Our estimation of 24 different associations would generate nonnull observations by chance alone. To reduce expected random error, we subjected the vector of instrumental variable estimates to empirical Bayes shrinkage analysis (34). The empirical Bayes method can be applied to groups of associations from a common theoretical population of such associations, and it “shrinks” each estimate toward the overall mean, in proportion to the ratio of its variance to the empirically estimated population variance. Associations with larger relative variances are displaced further toward the mean than associations with smaller relative variances. Empirical Bayes analysis therefore leads to a deemphasis of large-magnitude associations that are measured with poor precision, which are disproportionately influenced by random error.

Our vector of instrumental variable estimates was incompatible with the constraints imposed by the algorithm for empirical population variance estimation (34). Instead, we implemented semi-Bayes adjustment using variances derived from estimated dispersion ranges for the theoretical population of all site-specific cancer associations (34). We first presumed that the population of associations was dispersed within a 2-fold range (population variance = 0.031). We then presumed that the population of associations was dispersed within a 10-fold range (population variance = 0.345). The smaller presumed population variance yields larger attenuation of the instrumental variable estimates under semi-Bayes adjustment, and it likely underestimates the true population variance because it was derived from a smaller dispersion range than what we observed for our 24 associations. The larger presumed population variance yields smaller attenuation of the instrumental variable estimates under semi-Bayes adjustment and likely overestimates the true population variance. Thus, taken together, adjusted associations from these 2 semi-Bayes analyses likely bracket the associations that would have been observed under a fully empirical adjustment.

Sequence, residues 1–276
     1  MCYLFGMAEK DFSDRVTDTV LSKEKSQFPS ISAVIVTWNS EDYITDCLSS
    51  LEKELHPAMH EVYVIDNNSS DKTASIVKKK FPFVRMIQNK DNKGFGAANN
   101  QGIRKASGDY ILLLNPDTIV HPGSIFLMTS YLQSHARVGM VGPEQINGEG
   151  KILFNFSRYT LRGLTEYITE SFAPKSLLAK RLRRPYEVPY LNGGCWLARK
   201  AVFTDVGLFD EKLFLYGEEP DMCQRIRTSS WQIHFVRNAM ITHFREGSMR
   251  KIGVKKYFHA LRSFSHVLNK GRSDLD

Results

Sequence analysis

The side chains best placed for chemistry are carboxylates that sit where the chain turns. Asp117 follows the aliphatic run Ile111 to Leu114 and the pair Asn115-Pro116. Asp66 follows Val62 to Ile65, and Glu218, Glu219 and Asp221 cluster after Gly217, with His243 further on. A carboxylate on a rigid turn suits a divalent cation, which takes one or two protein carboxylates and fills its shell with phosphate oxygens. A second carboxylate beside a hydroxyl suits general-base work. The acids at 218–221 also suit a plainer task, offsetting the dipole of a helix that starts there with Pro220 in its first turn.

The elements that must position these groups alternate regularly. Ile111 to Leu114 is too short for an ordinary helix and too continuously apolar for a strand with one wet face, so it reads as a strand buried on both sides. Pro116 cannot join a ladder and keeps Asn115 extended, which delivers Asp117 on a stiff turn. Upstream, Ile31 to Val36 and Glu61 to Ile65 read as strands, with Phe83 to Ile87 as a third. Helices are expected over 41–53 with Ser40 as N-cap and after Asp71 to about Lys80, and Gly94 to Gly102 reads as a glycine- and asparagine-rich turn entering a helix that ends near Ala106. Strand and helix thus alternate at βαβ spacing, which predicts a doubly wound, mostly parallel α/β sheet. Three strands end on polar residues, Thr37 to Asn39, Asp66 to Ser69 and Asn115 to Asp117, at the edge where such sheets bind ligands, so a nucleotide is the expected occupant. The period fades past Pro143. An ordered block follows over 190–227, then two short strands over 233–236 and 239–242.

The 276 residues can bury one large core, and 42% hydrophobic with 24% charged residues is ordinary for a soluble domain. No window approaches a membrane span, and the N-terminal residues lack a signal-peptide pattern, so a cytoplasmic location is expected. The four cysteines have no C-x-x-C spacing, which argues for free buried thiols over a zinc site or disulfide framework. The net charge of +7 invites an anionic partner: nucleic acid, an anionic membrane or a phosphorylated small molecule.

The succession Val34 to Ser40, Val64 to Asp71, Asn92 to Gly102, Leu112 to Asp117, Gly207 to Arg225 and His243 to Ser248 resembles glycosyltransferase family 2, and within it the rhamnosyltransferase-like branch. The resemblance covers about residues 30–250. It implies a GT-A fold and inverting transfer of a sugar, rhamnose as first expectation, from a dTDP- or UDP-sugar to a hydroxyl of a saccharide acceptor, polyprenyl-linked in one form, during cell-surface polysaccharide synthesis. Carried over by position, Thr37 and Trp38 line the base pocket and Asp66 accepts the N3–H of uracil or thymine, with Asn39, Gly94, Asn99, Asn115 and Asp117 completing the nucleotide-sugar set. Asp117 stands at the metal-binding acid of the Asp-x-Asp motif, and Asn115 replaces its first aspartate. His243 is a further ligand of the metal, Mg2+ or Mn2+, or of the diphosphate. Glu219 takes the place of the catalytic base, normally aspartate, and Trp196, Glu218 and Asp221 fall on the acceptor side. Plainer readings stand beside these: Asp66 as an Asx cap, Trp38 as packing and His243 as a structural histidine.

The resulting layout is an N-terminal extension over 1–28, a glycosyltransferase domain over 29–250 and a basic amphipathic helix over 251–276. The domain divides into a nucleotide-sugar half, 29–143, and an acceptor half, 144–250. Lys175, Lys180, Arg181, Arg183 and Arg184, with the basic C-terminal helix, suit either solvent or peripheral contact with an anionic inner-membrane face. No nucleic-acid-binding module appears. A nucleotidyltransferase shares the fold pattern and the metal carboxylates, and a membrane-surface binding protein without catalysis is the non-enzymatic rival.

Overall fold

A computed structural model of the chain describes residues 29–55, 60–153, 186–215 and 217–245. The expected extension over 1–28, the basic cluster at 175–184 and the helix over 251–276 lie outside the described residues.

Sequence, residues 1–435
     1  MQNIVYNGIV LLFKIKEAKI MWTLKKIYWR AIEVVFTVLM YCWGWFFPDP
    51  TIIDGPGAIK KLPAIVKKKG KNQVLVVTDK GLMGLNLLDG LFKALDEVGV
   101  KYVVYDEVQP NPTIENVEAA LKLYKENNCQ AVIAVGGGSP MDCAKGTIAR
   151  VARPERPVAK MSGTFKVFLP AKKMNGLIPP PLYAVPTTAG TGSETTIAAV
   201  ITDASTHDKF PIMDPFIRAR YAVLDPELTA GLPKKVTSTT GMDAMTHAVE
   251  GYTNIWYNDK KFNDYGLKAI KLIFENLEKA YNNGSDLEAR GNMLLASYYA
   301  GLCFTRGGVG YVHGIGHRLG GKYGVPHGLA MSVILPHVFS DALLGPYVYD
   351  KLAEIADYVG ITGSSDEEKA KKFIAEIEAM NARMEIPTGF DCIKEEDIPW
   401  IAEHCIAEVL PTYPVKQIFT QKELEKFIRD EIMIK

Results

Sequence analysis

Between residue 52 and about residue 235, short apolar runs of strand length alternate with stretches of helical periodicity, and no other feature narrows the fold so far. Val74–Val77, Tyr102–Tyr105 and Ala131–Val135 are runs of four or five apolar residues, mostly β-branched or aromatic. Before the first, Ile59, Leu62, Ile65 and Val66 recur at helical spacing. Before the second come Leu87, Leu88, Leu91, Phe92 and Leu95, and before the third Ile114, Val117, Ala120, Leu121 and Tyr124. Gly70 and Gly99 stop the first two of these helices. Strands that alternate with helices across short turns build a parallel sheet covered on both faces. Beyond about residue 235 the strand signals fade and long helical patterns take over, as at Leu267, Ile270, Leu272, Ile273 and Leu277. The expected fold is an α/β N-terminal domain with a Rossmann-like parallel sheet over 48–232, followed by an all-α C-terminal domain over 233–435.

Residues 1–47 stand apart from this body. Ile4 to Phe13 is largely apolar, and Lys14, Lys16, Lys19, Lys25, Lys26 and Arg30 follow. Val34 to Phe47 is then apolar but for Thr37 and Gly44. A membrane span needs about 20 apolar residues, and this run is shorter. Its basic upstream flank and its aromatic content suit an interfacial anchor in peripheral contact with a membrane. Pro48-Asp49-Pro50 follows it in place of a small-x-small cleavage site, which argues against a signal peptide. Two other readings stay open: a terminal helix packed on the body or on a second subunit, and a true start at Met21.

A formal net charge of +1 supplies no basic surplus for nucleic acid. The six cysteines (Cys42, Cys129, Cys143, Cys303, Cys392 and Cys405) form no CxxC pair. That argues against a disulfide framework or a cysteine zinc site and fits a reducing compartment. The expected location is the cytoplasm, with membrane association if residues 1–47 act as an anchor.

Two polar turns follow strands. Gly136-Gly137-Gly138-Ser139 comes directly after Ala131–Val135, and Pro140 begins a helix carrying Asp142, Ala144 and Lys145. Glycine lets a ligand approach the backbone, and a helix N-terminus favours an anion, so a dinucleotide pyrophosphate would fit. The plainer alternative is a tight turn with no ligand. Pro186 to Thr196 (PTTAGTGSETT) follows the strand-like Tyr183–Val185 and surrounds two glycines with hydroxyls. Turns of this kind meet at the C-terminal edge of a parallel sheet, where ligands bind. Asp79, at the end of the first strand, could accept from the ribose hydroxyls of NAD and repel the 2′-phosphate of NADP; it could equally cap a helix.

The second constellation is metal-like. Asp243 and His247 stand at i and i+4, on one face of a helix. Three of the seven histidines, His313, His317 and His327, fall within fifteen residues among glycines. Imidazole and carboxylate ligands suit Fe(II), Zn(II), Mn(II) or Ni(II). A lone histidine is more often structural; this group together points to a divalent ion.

RESULTS

We identified 9,727 subjects who received a replacement heart valve during the study period without a cancer history. These subjects were matched with 95,481 subjects from the general population with no history of heart valve replacement or cancer diagnosis. Heart valve recipients contributed 52,510 person-years of follow-up, and matched nonrecipients contributed 556,021 person-years of follow-up.

A comparison of baseline characteristics between full 1:10 matched sets of heart valve recipients and nonrecipients appears in Table 1. Proportions of person-time were similar according to these characteristics in the entire cohort, despite variation in the matching ratio across all strata (data not shown). Heart valve recipients had a higher burden of comorbidity than the matched unexposed individuals. Heart valve recipients were about 8 times more likely to have a history of atrial fibrillation than were nonrecipients (17% vs. 2.1% of person-time positive, respectively), and they were approximately 2 times more likely to have a history of venous thromboembolism (2.0% vs. 1.1% of person-time positive, respectively). The imbalance of venous thromboembolism history between exposure groups led us to recalculate associations in the cohort subset without a venous thromboembolism history, as primary venous thromboembolism increases clinical suspicion of previously undetected cancer (35–37). Results from this restricted analysis (data not shown) were not substantially different from results based on the entire cohort.

Table 1.

Baseline Characteristics of Heart Valve Recipients and Matched Nonrecipients, Denmark, 1989–2006a

Variable Heart Valve Recipients (n = 8,724)
 
Matched Unexposed (n = 87,240)
 
No. Person-Years No. Person-Years 
Sex       
    Male 5,331 29,766 61 53,310 316,671 60 
    Female 3,393 19,095 39 33,930 208,486 40 
Age category on index date, years